Tap water in China is unsafe. Unlike most western countries where safe tap water is readily available, in most parts of China, although the water looks clear, it is not safe to drink unless boiled. Even in big cities like Beijing and Shanghai, tap water is not well filtered, sterilized or purified, and can carry harmful contaminants such as sediment, rust, bacteria, viruses, chlorine or other heavy metals. Illnesses such as diarrhea from drinking dirty water can ruin your trip. In China, tap water is not drinkable, but it is safe for washing.
If you shower, brush your teeth, wash your face, hands or clothes under running water, there should be no problem. You can wash clothes as easily as any Chinese. If you’re worried, you can brush your teeth and gargle with hot or bottled water. Also, even if you’ve washed the fruit in tap water, you should always peel it.
For drinking water, people can easily buy cheap and safe bottled mineral water for only 2 yuan. Quality mass brands include nongfu spring, nestle, aisbang, evian, kunlun mountain, wahaha and so on. There are also a variety of bottled teas and juices to choose from. Alternatively, you can use the boiler provided in your hotel room to boil the tap water and wait for it to cool down before drinking. You can also put boiling water in a thermos and take it with you when you leave the hotel.
Some hotels have water dispensers for both hot and cold water, and others have heaters or thermos. You can use the heater to boil the water, or you can use the hot water directly from the thermos for free. A good hotel can offer high quality bottled water at the lowest price.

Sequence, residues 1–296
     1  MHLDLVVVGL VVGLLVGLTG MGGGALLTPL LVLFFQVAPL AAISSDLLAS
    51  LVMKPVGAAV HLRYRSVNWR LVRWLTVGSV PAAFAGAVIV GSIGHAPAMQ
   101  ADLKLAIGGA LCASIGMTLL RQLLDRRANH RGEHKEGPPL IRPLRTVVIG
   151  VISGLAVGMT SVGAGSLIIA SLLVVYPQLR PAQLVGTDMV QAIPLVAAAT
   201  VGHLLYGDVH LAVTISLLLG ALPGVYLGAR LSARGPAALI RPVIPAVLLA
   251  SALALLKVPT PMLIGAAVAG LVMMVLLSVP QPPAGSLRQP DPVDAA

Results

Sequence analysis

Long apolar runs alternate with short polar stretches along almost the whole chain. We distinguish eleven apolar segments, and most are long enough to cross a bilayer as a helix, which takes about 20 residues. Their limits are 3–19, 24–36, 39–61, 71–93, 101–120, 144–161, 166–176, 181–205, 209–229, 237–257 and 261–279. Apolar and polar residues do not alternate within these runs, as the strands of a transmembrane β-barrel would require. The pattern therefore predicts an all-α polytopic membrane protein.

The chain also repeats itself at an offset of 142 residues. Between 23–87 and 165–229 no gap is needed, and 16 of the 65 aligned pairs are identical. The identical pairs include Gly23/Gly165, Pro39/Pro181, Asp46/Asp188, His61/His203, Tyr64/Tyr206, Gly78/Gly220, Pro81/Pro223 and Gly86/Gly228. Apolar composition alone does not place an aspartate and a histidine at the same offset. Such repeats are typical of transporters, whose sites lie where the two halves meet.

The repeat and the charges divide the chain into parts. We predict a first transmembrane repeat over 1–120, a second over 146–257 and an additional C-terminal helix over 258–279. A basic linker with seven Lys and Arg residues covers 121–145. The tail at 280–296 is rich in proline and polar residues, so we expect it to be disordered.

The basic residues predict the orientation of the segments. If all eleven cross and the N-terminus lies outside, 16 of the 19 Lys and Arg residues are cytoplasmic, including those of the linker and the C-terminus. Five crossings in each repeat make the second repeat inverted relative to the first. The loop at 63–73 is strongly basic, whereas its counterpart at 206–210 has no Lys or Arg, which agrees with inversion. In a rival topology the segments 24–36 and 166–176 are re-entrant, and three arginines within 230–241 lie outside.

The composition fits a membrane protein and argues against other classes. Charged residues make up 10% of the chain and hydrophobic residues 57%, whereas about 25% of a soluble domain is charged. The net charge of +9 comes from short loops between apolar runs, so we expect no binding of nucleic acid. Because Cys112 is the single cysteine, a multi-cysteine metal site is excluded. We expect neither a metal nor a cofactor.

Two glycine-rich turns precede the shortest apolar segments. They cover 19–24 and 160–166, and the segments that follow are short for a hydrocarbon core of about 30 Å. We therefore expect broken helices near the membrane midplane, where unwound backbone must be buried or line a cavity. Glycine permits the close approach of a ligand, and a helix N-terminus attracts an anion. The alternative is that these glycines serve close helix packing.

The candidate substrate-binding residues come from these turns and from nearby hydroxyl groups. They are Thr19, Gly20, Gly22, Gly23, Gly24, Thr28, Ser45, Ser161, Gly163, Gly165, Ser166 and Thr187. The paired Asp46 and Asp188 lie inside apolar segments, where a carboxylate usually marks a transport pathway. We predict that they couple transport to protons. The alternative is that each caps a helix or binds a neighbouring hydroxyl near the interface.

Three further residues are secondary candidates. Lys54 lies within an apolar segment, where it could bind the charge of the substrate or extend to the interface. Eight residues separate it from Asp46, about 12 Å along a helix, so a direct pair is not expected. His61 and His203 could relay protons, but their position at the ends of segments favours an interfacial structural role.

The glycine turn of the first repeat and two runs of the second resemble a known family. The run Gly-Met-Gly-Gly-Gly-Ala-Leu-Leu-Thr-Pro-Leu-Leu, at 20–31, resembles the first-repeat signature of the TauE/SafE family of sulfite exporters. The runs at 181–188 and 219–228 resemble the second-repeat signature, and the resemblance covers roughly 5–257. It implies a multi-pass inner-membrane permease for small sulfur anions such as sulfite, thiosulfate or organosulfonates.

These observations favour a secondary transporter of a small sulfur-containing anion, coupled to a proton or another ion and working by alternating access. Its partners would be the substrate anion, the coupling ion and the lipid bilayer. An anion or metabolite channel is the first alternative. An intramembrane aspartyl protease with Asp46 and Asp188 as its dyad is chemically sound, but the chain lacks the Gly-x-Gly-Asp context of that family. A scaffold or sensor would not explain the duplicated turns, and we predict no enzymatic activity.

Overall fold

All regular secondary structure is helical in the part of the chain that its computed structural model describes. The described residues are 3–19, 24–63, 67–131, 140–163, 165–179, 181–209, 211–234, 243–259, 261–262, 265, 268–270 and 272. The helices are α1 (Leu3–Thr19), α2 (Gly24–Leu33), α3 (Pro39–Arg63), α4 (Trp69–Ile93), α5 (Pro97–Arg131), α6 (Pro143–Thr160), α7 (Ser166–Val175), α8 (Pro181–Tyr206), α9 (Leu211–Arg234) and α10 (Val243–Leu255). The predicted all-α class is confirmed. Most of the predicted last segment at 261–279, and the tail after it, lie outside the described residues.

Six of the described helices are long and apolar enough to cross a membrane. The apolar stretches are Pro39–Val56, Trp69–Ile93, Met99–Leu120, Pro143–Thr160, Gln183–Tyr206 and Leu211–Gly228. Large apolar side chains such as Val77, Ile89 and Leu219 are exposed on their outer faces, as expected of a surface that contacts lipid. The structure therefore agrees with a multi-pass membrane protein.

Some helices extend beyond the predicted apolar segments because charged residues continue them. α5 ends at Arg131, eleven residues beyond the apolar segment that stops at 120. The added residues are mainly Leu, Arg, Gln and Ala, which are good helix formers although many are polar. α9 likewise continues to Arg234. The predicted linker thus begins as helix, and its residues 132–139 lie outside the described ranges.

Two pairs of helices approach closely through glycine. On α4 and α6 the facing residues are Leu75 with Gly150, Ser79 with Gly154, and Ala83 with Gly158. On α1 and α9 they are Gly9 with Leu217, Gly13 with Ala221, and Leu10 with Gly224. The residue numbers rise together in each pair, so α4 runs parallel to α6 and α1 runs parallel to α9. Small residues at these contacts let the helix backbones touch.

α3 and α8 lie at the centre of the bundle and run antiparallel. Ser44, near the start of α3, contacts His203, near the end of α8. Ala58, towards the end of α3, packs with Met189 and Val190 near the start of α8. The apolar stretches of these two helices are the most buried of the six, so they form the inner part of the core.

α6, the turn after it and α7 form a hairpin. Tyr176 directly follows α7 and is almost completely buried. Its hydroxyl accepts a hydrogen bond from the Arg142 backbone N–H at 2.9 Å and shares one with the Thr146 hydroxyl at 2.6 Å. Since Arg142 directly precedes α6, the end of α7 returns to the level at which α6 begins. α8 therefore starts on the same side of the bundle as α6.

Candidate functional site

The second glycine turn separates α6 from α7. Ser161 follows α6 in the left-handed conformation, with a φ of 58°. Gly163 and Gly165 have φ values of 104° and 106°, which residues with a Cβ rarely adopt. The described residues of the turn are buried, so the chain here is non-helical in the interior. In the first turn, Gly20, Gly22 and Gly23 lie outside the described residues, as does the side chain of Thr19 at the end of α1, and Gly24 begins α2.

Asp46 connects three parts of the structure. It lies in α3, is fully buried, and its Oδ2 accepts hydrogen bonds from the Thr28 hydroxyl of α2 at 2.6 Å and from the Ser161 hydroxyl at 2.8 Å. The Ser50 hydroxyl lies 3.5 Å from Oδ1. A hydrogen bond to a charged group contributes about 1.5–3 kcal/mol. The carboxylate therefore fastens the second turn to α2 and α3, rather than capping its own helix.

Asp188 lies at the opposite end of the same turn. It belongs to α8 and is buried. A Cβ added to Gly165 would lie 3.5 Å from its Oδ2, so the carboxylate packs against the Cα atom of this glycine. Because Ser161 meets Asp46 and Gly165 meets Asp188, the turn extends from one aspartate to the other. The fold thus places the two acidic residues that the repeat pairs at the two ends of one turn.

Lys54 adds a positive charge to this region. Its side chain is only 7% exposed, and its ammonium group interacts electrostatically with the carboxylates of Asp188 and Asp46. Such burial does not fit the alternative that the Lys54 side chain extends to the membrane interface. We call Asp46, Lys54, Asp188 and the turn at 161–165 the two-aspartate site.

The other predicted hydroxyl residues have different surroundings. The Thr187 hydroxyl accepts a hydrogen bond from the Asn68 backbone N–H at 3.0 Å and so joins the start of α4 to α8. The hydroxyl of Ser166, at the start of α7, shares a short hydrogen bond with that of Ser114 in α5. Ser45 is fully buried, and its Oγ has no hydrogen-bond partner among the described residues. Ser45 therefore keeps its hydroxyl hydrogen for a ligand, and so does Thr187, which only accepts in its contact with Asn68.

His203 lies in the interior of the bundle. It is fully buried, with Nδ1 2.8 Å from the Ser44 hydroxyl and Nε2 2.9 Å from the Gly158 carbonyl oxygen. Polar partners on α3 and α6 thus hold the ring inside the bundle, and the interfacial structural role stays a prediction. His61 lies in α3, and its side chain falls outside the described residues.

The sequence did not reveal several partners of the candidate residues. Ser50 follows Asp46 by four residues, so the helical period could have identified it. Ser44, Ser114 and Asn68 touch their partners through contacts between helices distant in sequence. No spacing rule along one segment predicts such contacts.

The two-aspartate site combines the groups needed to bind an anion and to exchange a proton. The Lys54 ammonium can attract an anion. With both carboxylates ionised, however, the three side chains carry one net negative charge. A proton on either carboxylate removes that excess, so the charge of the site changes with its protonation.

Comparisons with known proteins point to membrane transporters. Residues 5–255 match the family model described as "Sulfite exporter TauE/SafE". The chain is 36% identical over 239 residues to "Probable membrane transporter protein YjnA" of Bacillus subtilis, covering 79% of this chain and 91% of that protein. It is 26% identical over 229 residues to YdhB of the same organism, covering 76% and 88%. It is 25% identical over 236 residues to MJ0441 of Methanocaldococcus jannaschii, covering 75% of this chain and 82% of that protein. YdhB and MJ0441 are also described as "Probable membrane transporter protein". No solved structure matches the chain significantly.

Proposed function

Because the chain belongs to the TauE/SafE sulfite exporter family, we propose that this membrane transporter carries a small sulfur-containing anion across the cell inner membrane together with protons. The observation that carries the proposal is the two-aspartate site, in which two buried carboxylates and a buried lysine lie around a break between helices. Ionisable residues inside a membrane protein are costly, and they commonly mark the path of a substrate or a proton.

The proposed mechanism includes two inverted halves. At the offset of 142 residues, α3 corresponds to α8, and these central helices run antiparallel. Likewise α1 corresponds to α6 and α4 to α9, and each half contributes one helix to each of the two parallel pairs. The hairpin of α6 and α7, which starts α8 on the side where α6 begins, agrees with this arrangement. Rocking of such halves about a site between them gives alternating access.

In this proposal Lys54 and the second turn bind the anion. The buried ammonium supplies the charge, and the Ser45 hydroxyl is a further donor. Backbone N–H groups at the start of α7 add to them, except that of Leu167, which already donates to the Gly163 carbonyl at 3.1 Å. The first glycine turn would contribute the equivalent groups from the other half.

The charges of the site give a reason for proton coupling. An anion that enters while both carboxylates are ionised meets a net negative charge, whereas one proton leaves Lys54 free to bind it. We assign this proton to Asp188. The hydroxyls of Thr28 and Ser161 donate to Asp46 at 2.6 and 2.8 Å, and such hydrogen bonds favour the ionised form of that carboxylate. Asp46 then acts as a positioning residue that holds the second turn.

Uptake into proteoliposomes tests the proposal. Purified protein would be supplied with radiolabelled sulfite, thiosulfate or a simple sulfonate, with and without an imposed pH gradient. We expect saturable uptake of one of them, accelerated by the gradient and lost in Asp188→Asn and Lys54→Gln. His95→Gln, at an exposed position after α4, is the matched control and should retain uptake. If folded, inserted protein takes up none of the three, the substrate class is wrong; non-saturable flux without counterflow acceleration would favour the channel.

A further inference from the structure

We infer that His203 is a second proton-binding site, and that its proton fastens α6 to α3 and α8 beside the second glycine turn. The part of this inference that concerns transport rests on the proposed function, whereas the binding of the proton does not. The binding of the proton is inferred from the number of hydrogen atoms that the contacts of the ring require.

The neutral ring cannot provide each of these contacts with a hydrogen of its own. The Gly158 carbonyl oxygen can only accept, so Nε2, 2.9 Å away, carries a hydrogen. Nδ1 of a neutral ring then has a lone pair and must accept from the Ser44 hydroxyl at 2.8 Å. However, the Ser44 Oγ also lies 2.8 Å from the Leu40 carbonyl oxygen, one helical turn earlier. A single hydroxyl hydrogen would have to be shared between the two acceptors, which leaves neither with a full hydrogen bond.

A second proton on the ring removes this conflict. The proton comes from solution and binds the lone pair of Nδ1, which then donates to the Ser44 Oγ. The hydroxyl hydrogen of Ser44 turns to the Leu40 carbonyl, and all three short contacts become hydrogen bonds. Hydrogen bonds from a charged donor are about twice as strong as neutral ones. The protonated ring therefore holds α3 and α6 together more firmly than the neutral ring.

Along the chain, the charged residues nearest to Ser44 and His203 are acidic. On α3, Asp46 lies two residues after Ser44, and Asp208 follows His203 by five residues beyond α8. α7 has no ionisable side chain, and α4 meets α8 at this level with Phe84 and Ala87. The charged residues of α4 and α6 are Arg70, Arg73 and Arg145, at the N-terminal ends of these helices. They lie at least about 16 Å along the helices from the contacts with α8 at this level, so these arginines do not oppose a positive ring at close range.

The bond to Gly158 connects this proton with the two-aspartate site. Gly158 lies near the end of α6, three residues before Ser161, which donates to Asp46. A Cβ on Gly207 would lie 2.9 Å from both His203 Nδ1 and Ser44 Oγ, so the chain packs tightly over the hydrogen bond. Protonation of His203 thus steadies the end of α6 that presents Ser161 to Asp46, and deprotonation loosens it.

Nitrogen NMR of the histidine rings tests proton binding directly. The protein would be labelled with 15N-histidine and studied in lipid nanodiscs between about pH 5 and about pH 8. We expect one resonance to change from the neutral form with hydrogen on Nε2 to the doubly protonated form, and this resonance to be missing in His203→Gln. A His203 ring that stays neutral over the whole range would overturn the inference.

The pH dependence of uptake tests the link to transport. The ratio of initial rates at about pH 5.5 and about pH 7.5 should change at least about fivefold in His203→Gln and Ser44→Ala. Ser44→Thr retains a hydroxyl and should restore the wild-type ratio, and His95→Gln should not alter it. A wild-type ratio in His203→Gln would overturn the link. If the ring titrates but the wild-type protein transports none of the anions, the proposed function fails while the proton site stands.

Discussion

In most Chinese restaurants, water is free before meals, and some even serve tea or soup. Because the Chinese believe that drinking cold water may be bad for health, the water provided is usually boiled and hot or warm. Most restaurants also have bottled water or other drinks on their menus. But you have to pay, and the price is usually higher than in the supermarket. Note that some restaurants may sell cold drinks, but no ice.
Only a few tourist attractions, such as Shanghai Disneyland and west lake in hangzhou, offer free drinking water. Most places have stores or suppliers that sell bottled drinks, but the prices may be higher than those sold outside. In some mountainous areas, prices are several times higher than in supermarkets because of transport difficulties. Therefore, it is recommended that you buy water before you go to the scenic spots, especially when you travel to mount emei, mount hua, mount huangshan and other places.
There are stores selling bottled drinks at airports and train stations, though prices may be slightly higher than elsewhere. If you bring a container, you can also use a hot and cold water dispenser. There are also drinking fountains on the train, but you need to bring your own glass or bottle.